People are increasingly choosing cremation over traditional burial. This trend is true across the country. According to Slate, only about four percent of people who passed away 50 years ago were cremated. Today, that figure is at nearly 50 percent. The source noted several reasons for this shift, including the lower price tag for cremation vs. average burial costs, dispersed families making visiting grave sites more difficult, and environmental friendliness.
In some states, particularly in the South and Midwest, the number of people cremated has doubled in just the past 15 years. In 2000, for example, 19 percent of Ohio residents chose to be cremated. By 2013, that percentage had risen to 41 percent. One thing to note when discussing the rate of cremations in different states is that they each have their own laws about the dispersal of ashes. Here are the answers to some potential questions you might have if you are looking to cremate a loved one in Ohio.
Do I need to buy a casket?
There is no law in Ohio requiring a casket for cremation, wrote Shae Irving, J.D. for Nolo, a Berkeley, California-based publisher of legal guides. Rather, federal guidelines stipulate that the director of the crematory must tell you of your right to use an alternative container and to provide one for you. This vessel can be made of unfinished wood, pressed wood, or cardboard. Many people choose to purchase cremation urns which are a more permanent way of storing and displaying the remains of a departed loved one.
How long do I have to pick up the ashes?
Ohio law requires that the crematory holds on to the ashes for 30 days following the completion of the process. If they are not retrieved after that point, and no arrangements have been made, the operator of the crematory may release or deliver them to the person authorized to receive them on the intake form. If this person is not listed or is unavailable, they are given to the person who authorized the cremation.
If this person is not available, or has not been specified, and no arrangements have been made 60 days after the completion of the cremation, the operator is allowed to dispose of the ashes in a grave, crypt or niche.
Many cemeteries have designated areas for scattering ashes.
Is spreading ashes legal?
Yes. Scattering ashes is legal in Ohio, according to the state’s civil code, which reads:
“Division (D)(1) of this section does not prohibit any of the following:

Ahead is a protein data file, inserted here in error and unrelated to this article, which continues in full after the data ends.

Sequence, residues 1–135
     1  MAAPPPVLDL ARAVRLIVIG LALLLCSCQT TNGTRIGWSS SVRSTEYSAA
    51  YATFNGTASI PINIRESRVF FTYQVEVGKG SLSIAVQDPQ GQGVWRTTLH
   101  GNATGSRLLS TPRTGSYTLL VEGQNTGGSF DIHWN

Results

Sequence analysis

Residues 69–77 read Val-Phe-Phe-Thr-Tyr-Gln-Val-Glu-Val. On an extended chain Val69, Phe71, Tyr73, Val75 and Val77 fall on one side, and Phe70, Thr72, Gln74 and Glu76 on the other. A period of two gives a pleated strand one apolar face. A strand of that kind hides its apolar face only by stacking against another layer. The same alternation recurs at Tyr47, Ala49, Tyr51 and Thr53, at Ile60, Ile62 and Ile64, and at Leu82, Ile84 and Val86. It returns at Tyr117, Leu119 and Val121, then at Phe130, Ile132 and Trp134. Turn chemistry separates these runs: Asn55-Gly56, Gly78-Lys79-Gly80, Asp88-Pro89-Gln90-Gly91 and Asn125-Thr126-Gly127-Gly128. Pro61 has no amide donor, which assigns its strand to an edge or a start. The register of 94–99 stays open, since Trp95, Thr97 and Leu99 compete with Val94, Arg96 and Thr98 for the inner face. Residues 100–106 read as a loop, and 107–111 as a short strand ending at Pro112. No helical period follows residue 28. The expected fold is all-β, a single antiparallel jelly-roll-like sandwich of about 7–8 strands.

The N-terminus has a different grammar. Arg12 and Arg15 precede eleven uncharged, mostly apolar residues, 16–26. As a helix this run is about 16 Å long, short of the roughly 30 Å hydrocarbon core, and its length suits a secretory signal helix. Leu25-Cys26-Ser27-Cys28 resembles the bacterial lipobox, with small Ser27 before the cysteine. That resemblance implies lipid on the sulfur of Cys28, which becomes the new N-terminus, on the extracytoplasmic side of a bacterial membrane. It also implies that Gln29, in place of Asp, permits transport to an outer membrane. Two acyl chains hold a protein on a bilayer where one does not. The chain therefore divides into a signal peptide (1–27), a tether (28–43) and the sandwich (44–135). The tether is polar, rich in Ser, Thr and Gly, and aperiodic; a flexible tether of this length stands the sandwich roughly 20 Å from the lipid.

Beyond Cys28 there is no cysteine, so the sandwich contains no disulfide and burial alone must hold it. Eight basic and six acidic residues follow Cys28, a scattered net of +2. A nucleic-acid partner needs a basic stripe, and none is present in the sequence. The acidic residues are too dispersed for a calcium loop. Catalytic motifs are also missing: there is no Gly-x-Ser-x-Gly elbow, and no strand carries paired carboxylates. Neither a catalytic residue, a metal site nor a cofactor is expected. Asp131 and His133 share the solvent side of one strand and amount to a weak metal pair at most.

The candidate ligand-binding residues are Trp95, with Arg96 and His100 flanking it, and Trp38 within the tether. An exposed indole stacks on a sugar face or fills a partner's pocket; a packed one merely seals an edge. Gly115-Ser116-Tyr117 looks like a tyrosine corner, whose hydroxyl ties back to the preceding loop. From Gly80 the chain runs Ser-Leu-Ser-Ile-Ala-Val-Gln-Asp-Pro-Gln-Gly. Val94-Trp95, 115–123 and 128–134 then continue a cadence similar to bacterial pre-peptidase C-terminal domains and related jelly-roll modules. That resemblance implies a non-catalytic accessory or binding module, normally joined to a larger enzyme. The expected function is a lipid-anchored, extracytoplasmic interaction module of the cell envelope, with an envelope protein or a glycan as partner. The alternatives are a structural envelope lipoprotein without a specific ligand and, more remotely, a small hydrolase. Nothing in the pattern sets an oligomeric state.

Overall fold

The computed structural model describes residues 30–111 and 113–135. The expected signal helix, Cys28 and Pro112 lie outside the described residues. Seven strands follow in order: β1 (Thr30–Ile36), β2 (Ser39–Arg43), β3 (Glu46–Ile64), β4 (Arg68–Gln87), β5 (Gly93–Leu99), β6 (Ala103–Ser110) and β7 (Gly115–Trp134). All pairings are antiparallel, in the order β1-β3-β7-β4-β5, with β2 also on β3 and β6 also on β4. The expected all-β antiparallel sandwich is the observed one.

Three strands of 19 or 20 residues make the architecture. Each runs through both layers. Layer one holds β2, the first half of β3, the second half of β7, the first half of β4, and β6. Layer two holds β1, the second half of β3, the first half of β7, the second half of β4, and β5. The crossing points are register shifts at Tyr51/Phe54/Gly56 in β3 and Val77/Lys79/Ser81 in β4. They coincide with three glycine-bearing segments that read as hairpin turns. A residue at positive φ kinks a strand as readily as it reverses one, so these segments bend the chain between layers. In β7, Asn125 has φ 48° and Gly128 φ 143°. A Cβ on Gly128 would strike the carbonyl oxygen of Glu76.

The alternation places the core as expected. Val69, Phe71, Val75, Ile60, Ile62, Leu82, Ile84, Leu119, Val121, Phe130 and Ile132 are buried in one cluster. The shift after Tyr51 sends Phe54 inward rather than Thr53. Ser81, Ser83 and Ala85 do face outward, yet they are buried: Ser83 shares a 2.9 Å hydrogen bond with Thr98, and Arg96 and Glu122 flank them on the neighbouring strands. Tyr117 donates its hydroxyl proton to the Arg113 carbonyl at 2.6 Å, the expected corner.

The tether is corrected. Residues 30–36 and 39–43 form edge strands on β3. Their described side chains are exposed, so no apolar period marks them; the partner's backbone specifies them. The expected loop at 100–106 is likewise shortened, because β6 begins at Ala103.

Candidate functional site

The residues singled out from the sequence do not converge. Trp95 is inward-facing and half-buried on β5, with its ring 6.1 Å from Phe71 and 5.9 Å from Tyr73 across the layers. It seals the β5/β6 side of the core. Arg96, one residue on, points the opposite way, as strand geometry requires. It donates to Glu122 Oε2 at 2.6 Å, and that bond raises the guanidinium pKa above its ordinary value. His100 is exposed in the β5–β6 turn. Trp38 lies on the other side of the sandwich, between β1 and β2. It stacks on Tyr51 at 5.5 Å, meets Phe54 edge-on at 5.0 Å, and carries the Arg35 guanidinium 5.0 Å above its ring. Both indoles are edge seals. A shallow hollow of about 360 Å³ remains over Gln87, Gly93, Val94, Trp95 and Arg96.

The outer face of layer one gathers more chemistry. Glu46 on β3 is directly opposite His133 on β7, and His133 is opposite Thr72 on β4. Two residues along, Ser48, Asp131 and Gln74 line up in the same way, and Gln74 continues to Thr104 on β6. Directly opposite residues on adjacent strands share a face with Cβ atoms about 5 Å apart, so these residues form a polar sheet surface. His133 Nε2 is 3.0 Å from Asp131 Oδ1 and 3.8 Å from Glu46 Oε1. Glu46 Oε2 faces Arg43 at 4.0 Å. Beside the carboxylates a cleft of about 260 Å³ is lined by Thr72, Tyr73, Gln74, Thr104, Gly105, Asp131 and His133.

(a) The scattering of cremated remains at sea or by air or in a dedicated area at a cemetery used exclusively for the scattering on the ground of the cremated remains of dead human bodies or body parts.”
Is there a distinction between spreading on private and public land?
While scattering ashes is legal, there may be some stipulations regarding where this can be done, explained Irving. Some cemeteries provide particular land dedicated to this process. You are also allowed to spread the remains on your own private property. If you wish to use the private property of another person, it is advisable to receive written permission before proceeding.
When using public lands for spreading ashes, check with the local ordinances and zoning rules before proceeding, as they may be particular to the area. On federal land, you need to obtain permission before scattering, and should in any event conduct ceremonies away from trails, roads, and facilities.
Can I scatter the ashes on water?
One thing to note when pursuing this option is that U.S. Code 40CFR229.1 requires that you be at least three miles off of the coast and report the details to the local EPA office. However, you do not need a special permit to spread cremation ashes over the water in Ohio, which is why Lake Erie is a popular choice for doing so.
When choosing an alternative to burial, the most important considerations are the wishes of the deceased and the needs of your family. If you have any questions at all about carrying these out in a legal, affordable way, please contact us today.